It takes more than excellence to make a game popular. Sometimes an excellent game remains obscure, and sometimes an excellent game is too new for many people to know about it. So you can't always rely on popularity to tell you which games are good, and that's where critical acclaim comes in. This tier is for new and obscure games that have been critically acclaimed by people who know Chess variants. It is for games some of us think should and hope will become popular. The Acclaimed games are Anti-King Chess II, Crazy 38's, Flip Chess and Flip Shogi, Magnetic Chess, McCooey's Hexagonal Chess, and Pocket Mutation Chess.
Sometimes a Chess variant has been recognized mainly for its fame, and not so much for its appeal or popularity. Famous Chess variants are known to groups of people who may otherwise have no further knowledge of the field of Chess variants. One advantage of knowing these games is that you may be more likely to find someone who already knows how to play the game. And you might be able to use one of these games to spark someone's interest in Chess variants. Each Famous variant is listed below with an explanation of why it is famous.
- Despite reports of an earlier Indian origin, the Arabic game of Shatranj is the earliest form of Chess that we actually have rules for. It was popular among Arabs and Europeans for hundreds of years, and over that time it amassed a large body of literature about it. It is also known as Medieval Chess. Its popularity fell after the modern form of Chess arose.
- Chaturanga for Four Players
- This ancient Indian game for four players has been hailed by some as the original form of Chess, but it probably isn't.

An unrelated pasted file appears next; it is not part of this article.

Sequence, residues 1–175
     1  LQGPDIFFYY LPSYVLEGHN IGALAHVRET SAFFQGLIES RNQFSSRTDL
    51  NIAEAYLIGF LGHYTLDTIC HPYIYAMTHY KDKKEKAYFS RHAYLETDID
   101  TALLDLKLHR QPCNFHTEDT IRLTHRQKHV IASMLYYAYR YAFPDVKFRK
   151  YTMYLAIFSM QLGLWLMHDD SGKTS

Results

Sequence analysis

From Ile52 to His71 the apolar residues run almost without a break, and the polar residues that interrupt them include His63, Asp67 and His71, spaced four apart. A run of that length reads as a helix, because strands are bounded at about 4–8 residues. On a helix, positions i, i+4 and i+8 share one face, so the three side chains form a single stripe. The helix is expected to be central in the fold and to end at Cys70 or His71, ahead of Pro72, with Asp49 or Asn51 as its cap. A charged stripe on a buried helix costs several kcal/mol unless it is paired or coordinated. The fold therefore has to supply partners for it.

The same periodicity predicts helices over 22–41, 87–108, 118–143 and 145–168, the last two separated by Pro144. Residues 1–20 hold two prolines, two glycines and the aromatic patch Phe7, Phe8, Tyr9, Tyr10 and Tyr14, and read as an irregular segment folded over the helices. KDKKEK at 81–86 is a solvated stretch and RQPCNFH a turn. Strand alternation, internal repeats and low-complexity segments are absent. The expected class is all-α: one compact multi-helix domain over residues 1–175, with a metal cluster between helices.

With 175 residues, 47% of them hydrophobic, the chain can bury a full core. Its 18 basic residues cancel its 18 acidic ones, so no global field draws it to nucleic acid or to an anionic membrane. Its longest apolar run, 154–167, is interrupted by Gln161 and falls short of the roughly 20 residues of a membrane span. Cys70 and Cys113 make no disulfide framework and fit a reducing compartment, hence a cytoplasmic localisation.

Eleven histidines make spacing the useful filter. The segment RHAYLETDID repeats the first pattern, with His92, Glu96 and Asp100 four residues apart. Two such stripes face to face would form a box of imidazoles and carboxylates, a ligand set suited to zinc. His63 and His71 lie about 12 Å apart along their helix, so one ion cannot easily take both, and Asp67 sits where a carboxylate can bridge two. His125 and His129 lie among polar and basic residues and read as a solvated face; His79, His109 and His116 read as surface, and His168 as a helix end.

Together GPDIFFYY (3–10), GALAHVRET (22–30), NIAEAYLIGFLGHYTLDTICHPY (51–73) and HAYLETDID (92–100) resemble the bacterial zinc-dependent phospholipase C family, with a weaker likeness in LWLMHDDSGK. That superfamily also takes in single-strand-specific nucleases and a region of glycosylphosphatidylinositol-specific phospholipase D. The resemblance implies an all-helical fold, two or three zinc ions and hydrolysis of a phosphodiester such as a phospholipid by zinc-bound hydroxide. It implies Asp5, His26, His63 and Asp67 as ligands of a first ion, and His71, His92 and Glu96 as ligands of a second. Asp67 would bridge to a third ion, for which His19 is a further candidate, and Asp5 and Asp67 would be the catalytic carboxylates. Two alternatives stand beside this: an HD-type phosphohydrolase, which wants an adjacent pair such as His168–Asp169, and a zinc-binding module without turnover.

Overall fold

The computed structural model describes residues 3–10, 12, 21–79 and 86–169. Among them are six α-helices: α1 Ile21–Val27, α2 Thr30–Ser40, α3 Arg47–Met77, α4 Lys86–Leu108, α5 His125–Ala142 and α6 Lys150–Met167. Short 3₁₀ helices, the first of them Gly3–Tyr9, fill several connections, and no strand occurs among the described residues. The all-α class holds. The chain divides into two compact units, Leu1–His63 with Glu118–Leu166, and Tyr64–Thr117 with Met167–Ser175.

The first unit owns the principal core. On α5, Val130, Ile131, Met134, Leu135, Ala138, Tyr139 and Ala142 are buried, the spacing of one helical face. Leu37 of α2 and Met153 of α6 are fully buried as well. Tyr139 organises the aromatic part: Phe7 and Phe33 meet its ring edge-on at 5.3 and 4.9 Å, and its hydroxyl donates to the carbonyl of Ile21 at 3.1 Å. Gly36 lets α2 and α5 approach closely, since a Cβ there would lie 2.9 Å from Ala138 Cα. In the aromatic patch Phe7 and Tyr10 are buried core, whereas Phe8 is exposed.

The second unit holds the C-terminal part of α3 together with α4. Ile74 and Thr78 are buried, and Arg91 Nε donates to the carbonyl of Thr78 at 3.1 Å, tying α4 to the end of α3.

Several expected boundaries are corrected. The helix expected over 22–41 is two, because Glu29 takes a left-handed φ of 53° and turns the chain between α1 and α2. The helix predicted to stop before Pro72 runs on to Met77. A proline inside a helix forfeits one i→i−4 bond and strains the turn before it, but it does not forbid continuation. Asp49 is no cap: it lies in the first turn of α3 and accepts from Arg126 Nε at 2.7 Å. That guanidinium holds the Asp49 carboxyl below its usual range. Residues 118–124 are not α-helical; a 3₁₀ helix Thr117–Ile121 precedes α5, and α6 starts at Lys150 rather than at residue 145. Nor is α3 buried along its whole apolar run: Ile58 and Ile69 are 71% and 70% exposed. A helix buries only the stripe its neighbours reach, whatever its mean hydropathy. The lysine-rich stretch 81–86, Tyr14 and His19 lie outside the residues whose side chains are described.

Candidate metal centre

- Tamerlane Chess
- A well-known historic large variant of Shatranj.
- Los Alamos Chess
- This was the first Chess variant a computer was ever programmed to play. It was smaller and simpler than Chess so that computers of that time could better handle it.
- This 3D variant was created by E. Gary Gygax, the inventor of Dungeons & Dragons, and published in Dragon magazine, a TSR publication devoted to D&D. It is fairly well known among D&D players.
- Tridimensional Chess (Star Trek)
- This game is played on the best known of 3D Chess boards, as seen in many episodes of Star Trek. The board on the show was just a prop without any official set of rules. This game was designed as an unofficial set of rules for the equipment seen used on the TV show.
Recognized Variant of the Month
Each month, we will select one of our recognized variants to be recognized variant of the month. For that month we will work on improving the web page for that variant, display a link to that variant prominently on all our web pages, and encourage our readers to read about, play and explore that variant. Variants of the month are displayed with the special recognition icon:
Recognized Variants of the Month
How Recognized Variants are Chosen
When the list of Recognized Variants began, games were chosen mainly by the editorial decision of Hans Boedlander and David Howe. In time, new additions were chosen by polling the editors, and more recently by polling the members of this site. At present, new additions will be chosen by polling the members with ranked ballot polls counted by the Maximize Affirmed Majorities method. Candidates will be drawn from nominations, from lists of games chosen for tournaments, and from the first-place winners of our various contests.
When the same game ranks last two polls in a row, it will be removed from the candidates list. This applies only to polls for selecting new RCVs, not to polls for selecting an RCV of the month. Once the RCV list begins to grow too large, a weeding process will be introduced. It will probably involve the full ranking of the games in a tier, followed by voting whether to keep or drop the lowest ranked game.
You can contribute to this section in the following ways:
- Nominate additional Recognized Chess Variants, to be listed here. A few rules:
- You may not be the inventor of the game or propose it just because the inventor is a good friend of yours.
- The game must exist at least one year.
- You must find this chess variant to be
good; more people must have played the variant, etc.
- You must write a review, telling why the variant deserves to be listed here.
Written by Fergus Duniho, Hans Bodlaender, and David Howe.
Page Created: February 21, 2000.